A simple one for beginners, this technique requires you to 'scan' your body from head to toe, making a mental note of the different sensations you feel. "These can be physical, such as aches and pains, or stimuli, such as the heart-gripping feeling of stress," says Hargreaves. Practicing body scan meditation teaches you to better identify your feelings and turn your observations into actions that positively impact your life or mood.
Best for: Meditation newbies
Whereas body scan meditation focuses on the internal, mindfulness usually focuses on the external, allowing the mind to become more present. "Mindfulness is the practice of becoming a silent witness to sights, noises, and even thoughts and feelings. By observing without reacting to what passes through your consciousness, your mind becomes still and calm."
Best for: Long-term enlightenment
Meditation is hard. Give yourself a helping hand by letting someone else talk you through it. "Either by an app or a pre-recorded podcast or Spotify track, a meditation practitioner leads you gently into a meditative state," explains Hargreaves. "Both concentrating on the person's voice and taking the directions help. The practitioner will give you simple things to focus on or notice to still your mind." In other words, all you have to do is press play, do as you're told, and try not to let your mind wander.
Best for: Guys on the go
Sometimes our mind is so full of thoughts that we need something to snap us out of it in a hurry. Focusing on a mantra or an environmental stimulus can quickly draw our attention from our thoughts to something else. "This can be achieved by either repeating a word (a 'mantra') or focusing on a simple sound, often your own breathing," says Hargreaves. "By diverting the mind purely onto one particular thing, you remove other thoughts from your mind, allowing the mind to clear." Stick with it if it doesn't happen straight away, this one takes practice.
Best for: A quick calm-down
The best thing about meditation is that you can do it anytime, anywhere. You can even incorporate it into your daily activities like hoovering or going for a run. The best way to combine mindfulness and movement is through yoga, with stretches and breathing work used to calm the body and release muscular tension. "It involves performing simple motions with the body that focus the mind on the activity in a calming way," says Hargreaves. In-person and online classes are a great way to begin. Like all forms of meditation, you'll gain an increasing sense of satisfaction as you master both the movements and the breath.Best for: Releasing bodily tension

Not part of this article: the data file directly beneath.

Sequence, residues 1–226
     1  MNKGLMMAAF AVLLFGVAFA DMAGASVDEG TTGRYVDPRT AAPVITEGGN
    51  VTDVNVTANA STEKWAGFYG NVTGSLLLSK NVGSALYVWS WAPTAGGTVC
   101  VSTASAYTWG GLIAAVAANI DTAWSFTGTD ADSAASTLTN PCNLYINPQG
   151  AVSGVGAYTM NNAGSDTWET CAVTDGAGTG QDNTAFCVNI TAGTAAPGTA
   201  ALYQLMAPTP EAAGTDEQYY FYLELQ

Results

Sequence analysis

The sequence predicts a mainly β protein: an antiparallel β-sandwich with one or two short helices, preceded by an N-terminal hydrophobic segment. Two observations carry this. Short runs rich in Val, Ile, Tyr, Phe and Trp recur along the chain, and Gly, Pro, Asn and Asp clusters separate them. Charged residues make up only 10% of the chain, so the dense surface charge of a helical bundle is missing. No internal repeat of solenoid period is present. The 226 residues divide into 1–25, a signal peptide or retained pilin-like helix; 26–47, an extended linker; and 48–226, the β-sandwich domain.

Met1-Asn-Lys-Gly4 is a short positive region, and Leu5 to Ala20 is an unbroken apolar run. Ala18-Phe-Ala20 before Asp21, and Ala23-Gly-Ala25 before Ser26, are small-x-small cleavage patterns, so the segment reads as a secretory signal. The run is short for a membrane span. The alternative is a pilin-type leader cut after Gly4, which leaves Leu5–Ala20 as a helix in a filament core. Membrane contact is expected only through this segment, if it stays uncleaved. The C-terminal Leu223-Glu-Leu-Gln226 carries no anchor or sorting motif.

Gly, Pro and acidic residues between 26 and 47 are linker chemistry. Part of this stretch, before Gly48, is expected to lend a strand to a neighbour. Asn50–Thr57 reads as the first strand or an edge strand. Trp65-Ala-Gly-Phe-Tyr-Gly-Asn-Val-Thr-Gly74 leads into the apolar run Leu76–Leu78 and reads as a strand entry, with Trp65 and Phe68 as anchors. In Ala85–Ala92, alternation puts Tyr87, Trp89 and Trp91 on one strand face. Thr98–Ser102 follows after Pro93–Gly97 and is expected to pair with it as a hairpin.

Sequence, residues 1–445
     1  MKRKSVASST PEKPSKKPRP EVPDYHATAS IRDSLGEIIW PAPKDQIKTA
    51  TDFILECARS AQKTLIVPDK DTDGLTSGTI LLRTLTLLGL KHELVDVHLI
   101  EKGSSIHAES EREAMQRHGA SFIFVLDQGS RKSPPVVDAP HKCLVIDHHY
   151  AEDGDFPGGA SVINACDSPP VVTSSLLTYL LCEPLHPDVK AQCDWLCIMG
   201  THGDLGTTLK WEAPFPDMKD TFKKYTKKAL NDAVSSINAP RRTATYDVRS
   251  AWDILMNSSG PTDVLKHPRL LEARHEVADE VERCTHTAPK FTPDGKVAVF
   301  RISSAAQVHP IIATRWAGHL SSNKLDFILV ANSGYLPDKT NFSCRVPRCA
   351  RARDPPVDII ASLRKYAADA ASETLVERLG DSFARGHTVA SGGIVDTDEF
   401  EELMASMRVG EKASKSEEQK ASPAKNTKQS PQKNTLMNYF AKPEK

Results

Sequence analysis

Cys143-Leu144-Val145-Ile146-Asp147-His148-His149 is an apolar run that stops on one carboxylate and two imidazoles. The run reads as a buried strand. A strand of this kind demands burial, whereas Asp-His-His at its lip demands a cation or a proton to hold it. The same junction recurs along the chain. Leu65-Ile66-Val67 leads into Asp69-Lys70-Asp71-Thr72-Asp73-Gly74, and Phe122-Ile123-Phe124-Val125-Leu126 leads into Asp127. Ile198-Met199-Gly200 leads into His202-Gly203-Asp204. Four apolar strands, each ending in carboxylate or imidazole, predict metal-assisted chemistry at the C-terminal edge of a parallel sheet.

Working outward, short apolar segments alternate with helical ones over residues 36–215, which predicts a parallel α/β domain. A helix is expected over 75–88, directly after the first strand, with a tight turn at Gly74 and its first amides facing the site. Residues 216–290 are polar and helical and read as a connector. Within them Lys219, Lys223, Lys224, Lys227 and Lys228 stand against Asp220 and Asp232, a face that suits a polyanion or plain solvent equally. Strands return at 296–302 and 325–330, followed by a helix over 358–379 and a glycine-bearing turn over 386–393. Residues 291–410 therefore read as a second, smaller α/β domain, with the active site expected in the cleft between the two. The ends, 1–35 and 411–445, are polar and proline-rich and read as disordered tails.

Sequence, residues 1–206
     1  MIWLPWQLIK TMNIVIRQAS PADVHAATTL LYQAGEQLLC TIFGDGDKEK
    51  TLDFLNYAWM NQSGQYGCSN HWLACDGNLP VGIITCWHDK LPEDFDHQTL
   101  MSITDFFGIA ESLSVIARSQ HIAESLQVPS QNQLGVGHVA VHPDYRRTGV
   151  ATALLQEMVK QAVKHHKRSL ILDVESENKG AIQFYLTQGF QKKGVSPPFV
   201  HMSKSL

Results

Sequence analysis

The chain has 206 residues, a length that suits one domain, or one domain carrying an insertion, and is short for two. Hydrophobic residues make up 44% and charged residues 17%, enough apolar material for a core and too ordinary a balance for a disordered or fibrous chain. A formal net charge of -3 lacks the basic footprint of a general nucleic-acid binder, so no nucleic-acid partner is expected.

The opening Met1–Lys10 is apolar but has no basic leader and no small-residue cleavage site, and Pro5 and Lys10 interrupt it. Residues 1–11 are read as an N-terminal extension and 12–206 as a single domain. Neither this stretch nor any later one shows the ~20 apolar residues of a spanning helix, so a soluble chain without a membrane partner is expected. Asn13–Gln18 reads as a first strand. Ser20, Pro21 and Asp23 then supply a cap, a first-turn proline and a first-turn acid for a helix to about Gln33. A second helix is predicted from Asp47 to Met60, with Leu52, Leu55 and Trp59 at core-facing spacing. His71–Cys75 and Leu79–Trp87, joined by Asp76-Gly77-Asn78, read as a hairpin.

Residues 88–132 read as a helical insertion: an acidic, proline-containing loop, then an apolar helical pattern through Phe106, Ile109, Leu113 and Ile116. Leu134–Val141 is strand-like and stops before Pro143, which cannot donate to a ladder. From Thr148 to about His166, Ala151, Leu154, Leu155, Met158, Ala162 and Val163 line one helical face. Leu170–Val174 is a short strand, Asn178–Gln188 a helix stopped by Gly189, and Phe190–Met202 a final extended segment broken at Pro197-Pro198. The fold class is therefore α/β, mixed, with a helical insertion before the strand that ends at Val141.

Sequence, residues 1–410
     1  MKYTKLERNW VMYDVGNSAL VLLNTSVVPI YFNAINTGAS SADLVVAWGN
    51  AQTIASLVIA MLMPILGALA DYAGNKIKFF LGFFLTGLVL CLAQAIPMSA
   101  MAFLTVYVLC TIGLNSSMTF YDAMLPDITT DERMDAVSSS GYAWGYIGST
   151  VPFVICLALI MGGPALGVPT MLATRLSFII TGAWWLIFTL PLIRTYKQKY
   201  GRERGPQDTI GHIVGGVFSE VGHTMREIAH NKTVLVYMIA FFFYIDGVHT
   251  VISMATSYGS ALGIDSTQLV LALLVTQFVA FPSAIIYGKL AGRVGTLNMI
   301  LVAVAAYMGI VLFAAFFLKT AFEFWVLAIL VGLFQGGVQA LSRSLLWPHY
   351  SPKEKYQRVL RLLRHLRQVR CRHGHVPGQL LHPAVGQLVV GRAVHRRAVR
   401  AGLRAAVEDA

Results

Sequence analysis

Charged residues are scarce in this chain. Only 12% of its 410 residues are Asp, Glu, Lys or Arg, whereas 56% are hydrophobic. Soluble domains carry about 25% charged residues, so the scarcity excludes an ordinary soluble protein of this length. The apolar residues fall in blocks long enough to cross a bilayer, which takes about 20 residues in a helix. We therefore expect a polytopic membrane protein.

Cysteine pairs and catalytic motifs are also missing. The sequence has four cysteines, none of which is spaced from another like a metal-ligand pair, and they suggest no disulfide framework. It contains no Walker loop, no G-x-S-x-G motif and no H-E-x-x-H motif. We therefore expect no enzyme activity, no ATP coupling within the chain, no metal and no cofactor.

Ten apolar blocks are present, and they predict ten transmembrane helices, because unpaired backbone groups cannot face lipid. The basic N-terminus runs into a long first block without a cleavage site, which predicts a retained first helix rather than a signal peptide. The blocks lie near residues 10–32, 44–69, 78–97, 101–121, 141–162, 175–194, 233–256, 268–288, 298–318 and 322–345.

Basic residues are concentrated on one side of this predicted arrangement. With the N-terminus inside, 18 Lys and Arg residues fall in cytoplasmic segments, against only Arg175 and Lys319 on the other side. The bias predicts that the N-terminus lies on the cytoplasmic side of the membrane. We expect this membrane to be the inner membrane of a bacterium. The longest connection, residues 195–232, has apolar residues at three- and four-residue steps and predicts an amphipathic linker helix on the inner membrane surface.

Hopefully, none of what you've read so far seems overwhelming. Yes, there are many different ways to meditate, but no one expects you to memorise them all, or be a pro.
It took the Buddha years of meditating under a tree to achieve a state of enlightenment, so cut yourself some slack if your mind keeps wandering to what you're having for dinner.
At its core, meditation is about taking a few quiet minutes (or even 30 seconds) to focus on the thoughts and feelings in your head and body.
To help you get you started, Hargreaves shares his favourite meditation routine.
Like journaling, there's no right way to meditate. And because there's no right way, it's impossible to do it wrong, too. By slowing down and taking a few minutes to check in with yourself, you can reset your mind and calm your body. This will benefit you in a number of ways, from improved sleep and concentration to a general feeling of wellbeing and having 'recharged your batteries.' Just remember, meditation is practice. Don't beat yourself up if your mind wanders or if you find it difficult to concentrate – you'll get there eventually.